You, dear reader, probably know more about literary deconstruction than I. My understanding is that you take a work of fiction, say Pride and Prejudice or Tess of the D’Urbervilles, break it down into its constituent parts, pick up each in turn, revolve slowly in the hand while adopting the ruminative expression of a half-curious chimpanzee. And that’s it. Job done.
Well, it occurs to me that a similar technique might be applied to advertising, with results every bit as illuminating. It is with that aim in mind that I embark on this, the first in an occasional series of deconstructions.
I have chosen for this experiment an ad currently running in the national press for American Airlines. Let me start by describing it. It takes up a half page and comprises a colour picture with one line of text. The picture is of a young female, aged, I would guess, between 18 and 25, seated on a lavatory.
Don’t get me wrong. She is not sitting on the lavatory in the way that people do when they are using it in the normal way. Rather she is sitting on the closed lid with her back resting against the cistern. Her knees are drawn up, her heels are balanced on the front edge of the seat. Resting on her knee is a red pocket book, which she holds in her left hand while making notes with a pen held in her right hand. The viewer sees her as if he (or, in the circumstances, preferably she) were standing behind her left shoulder. We see her face partially and only in profile, for most of it is concealed by loose, shoulder-length blonde hair. She is wearing nothing but a flimsy, transparent top and knickers with a floral print. The room in which she is thus engaged makes for a good-sized convenience and is equipped with washbasin, towel, looking glass and shaving mirror. On the floor beneath the basin there is a pile of some eight books, hardback and paperback.
What are we to make of this rather charming scene? Our only clue lies in the caption beneath: “Fewer seats. More room to yourself. American Airlines.” Eight words that take some understanding.
There are two ways of interpreting this commercial message – the literal and the allegorical.
First, the literal. Can it really be that American Airlines, recognising the barbarity of cramming passengers into rows of seats too small and narrow to admit any condition approaching comfort, has equipped its aircraft with full-sized lavatories-cum-libraries, in which passengers may strip to their knickers and bring their diaries up to date? If so, this would indeed be a hugely civilising development and one heartily to be commended. Unless one goes first class, air travel is seldom a comfortable or pleasant experience. To be able to rise from one’s seat shortly after take-off and retire for the duration to the undisturbed tranquillity of what Americans call the bathroom is a pleasing prospect.
Unfortunately, practical problems intrude upon the dream. How many full-sized lavatories can a passenger jet accommodate while remaining commercially viable? With the passengers all locked in their loos, stripped down and browsing, would there be anything for the flight attendants to do? Would they knock on the door or cough discreetly before offering something from the trolley? And what if the plane encounters turbulence? The lavatory in the picture is not equipped with a seatbelt. To be thrown from seat to ceiling would surpass any experience encountered in lavatories in the usual way, even allowing for the most acute indigestion.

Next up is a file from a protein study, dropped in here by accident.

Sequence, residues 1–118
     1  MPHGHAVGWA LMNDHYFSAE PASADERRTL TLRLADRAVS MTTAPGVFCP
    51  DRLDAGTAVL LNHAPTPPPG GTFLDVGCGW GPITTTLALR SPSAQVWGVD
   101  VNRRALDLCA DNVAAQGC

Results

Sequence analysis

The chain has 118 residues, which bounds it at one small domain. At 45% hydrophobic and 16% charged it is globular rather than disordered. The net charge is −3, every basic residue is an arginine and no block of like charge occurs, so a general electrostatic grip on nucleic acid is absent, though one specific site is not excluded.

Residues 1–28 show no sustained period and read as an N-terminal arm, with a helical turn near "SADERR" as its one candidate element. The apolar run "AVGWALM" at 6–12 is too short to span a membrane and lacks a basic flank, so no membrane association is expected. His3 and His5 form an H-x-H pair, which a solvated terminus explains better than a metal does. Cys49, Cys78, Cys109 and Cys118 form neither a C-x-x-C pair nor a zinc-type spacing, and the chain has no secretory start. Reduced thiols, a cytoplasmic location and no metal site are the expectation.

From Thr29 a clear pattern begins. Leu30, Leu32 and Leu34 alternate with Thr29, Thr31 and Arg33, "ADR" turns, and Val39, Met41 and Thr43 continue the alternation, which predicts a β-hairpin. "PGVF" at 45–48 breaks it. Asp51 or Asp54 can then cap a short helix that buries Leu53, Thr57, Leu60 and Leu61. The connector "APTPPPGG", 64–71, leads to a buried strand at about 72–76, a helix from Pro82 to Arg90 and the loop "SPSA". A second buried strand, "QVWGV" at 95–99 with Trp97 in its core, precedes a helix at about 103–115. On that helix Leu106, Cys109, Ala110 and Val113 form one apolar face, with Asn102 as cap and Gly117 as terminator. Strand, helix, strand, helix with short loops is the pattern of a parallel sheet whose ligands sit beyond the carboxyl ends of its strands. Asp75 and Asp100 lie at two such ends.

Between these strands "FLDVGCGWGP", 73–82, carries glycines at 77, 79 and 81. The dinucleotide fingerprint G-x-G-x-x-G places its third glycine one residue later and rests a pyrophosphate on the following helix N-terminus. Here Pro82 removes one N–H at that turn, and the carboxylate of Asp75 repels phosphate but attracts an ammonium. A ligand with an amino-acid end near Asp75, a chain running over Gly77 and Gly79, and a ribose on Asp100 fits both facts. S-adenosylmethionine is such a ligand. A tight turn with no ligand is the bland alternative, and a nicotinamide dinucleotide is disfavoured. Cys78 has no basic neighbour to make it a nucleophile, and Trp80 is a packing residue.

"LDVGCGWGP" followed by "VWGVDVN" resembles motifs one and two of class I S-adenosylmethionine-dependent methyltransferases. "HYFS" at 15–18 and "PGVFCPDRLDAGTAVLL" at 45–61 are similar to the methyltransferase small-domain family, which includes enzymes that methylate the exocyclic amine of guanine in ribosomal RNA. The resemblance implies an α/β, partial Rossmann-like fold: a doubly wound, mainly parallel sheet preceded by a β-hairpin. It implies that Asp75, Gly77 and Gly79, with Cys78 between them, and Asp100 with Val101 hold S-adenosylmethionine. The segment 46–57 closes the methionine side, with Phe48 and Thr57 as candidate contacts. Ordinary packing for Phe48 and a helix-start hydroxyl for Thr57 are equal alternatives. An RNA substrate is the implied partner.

We are therefore reluctantly obliged to fall back on the allegorical interpretation. Is American Airlines inviting us to believe that so few are the seats in its aircraft and so relaxing the atmosphere that, safe in its hands, we slide into a reverie that compares with the pleasure of being all alone in the loo, free from the encumbrance of either unwanted attention or outer garments and with the time and liberty to compile our memoirs? If so, it is a bold claim.
“Fewer seats. More room to yourself.” Maybe, but not quite to the extent suggested by the picture. It is one thing for an overweight businessman to stretch out his podgy legs and stab a laptop with a stubby finger, quite another for him to take off his trousers, curl up into a ball and retire into an inner solace. Other passengers might object. Unless of course they, too, were in their underpants and flicking with lazy distraction through the latest Jackie Collins. It is an unlikely picture and none too appetising to boot.
“Fewer seats. More room to yourself.” Yes, but not that much room surely? I mean, not the sort of room to compare with a whole lavatory to oneself. And not the kind of room to be able to be that private. Just a bit more leg room, really.
And that is the problem that the old flag-carrying airlines and their advertising agencies face. Unable, or unwilling, to compete on price with their no-frills competitors and with nothing much to distinguish one from the other, they are forced to seize upon small advantages and make them sound big. And that’s how fewer seats became a bibliophilic blonde in a washroom.